Howdy, Stranger!

It looks like you're new here. If you want to get involved, click one of these buttons!

Sign In with Facebook Sign In with Google Sign In with OpenID Sign In with Twitter

In this Discussion

safe water content in dried bugs to avoid spoiling

How do you measure "safe" water content in dried insects and what is the safe level for it not to spoil? I am new to this. So far I've found that the thing to measure is water activity, but haven't found a level safe for insects. Also, anyone know of a way to measure water activity at home or a proxy for that? I only found some really expensive devices.

Thank you

Comments

  • edited March 22

    @slupik - it is fairly easy and reasonably affordable to send samples you've dried to a commercial lab to test moisture content and water activity. You can also test samples of commercially available products (roasted/fried/powdered insects) to figure out the target range that others have established. If you don't want to pay for a lab, you can easily test moisture content and moisture reduction during drying at home using weight:

    Initial Moisture content (MCi) of a sample is measured simply by drying a sample (e.g. 5 grams) at low temperature (105 °C) until constant weight is obtained. Subtract the final weight of the sample from the initial weight (e.g. 5 grams) to determine the weight of moisture that was in the sample and divide by the initial weight of the sample to find the % moisture content (%MC).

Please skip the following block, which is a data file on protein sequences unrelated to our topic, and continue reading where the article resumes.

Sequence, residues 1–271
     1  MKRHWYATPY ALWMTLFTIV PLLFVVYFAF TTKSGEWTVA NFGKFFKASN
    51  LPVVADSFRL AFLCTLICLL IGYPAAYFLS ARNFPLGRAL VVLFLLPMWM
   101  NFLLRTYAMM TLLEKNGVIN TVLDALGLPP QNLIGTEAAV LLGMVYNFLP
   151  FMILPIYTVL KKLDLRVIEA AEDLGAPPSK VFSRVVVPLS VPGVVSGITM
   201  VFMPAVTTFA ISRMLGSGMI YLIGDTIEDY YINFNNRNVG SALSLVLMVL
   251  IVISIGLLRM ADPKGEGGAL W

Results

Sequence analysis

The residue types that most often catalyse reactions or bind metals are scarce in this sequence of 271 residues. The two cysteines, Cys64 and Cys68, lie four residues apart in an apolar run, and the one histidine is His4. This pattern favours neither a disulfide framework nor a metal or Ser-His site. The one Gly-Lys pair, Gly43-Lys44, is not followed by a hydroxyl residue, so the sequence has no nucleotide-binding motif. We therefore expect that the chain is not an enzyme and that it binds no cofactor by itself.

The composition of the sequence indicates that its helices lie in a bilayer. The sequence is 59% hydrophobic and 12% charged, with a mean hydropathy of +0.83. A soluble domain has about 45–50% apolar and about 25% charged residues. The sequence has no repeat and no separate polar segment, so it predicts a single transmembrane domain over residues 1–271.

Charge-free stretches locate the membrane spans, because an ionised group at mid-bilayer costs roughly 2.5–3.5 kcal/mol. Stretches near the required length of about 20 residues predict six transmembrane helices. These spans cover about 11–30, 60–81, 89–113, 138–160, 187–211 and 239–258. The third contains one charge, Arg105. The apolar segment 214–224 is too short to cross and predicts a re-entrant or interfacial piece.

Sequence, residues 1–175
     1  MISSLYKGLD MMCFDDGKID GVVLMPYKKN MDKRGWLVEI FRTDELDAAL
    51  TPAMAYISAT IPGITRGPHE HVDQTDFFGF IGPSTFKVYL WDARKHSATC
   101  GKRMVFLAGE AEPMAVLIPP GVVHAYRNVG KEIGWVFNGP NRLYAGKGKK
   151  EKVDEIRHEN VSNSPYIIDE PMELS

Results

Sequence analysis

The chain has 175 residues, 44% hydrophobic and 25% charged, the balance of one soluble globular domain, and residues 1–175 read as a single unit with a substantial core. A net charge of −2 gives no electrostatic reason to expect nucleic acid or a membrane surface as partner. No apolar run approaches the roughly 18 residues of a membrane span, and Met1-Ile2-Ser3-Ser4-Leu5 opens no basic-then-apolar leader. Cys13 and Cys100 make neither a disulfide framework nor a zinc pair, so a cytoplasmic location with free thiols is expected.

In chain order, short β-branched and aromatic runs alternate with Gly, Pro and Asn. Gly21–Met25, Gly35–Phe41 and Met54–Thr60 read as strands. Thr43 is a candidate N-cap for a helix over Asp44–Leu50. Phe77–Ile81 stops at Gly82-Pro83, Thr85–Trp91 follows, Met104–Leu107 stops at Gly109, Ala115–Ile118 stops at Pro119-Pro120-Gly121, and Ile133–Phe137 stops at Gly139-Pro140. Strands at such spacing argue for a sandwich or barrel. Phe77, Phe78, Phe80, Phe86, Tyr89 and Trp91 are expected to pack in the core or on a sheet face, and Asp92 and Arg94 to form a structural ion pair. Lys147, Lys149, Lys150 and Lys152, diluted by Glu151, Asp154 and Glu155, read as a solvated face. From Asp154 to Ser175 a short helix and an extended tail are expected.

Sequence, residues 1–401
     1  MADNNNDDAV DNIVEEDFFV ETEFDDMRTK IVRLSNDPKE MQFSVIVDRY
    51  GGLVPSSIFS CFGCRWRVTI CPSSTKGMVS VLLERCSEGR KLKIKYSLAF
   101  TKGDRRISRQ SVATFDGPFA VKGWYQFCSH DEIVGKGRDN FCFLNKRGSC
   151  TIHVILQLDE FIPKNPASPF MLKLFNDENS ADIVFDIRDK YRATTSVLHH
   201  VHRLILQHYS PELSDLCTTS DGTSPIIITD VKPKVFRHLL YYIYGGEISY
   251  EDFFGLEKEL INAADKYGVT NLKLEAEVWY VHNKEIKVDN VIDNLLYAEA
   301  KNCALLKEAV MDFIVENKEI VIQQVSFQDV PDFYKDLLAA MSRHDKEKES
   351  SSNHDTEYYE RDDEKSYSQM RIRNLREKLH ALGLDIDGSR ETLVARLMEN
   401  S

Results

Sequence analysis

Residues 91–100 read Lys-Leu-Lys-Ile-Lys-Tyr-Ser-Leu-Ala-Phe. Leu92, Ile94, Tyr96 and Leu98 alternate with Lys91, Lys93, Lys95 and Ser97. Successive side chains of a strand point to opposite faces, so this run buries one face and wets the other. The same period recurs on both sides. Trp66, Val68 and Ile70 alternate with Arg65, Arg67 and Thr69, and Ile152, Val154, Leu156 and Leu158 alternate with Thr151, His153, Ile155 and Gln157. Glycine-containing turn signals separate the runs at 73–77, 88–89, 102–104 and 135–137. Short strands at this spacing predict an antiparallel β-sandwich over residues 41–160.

If you are drying a larger batch to a target %MC, you can pre-determine the final target weight to know that you have reached the target %MC. In this case, determine MCi for raw insects using the above method to plug into the formula below in order to determine your final target weight.

    Target %MC (MCf) is determined by weight, so we determine the target final weight (Wf) of the insects by using the initial weight (Wi) of the insects before drying and plugging it into the conversion formula for moisture weight loss during drying:

    Wf = Wi * (100 – MCi) / (100 – MCf)

    We've tested a number of products and generally found that they fall within 3-5% moisture content and at that level have low water activity (<= 0.6). Bacteria usually require at least 0.91, and fungi at least 0.7 (Rockland, L.B.; Beuchat, L.R. (1987). Water Activity:Theory and Applications to Food (2nd ed.). New York: Marcel Dekker.). For reference honey, which is notoriously shelf stable, has a water activity ~0.6

  • Just what I needed, thank you very much @andrew

Sign In or Register to comment.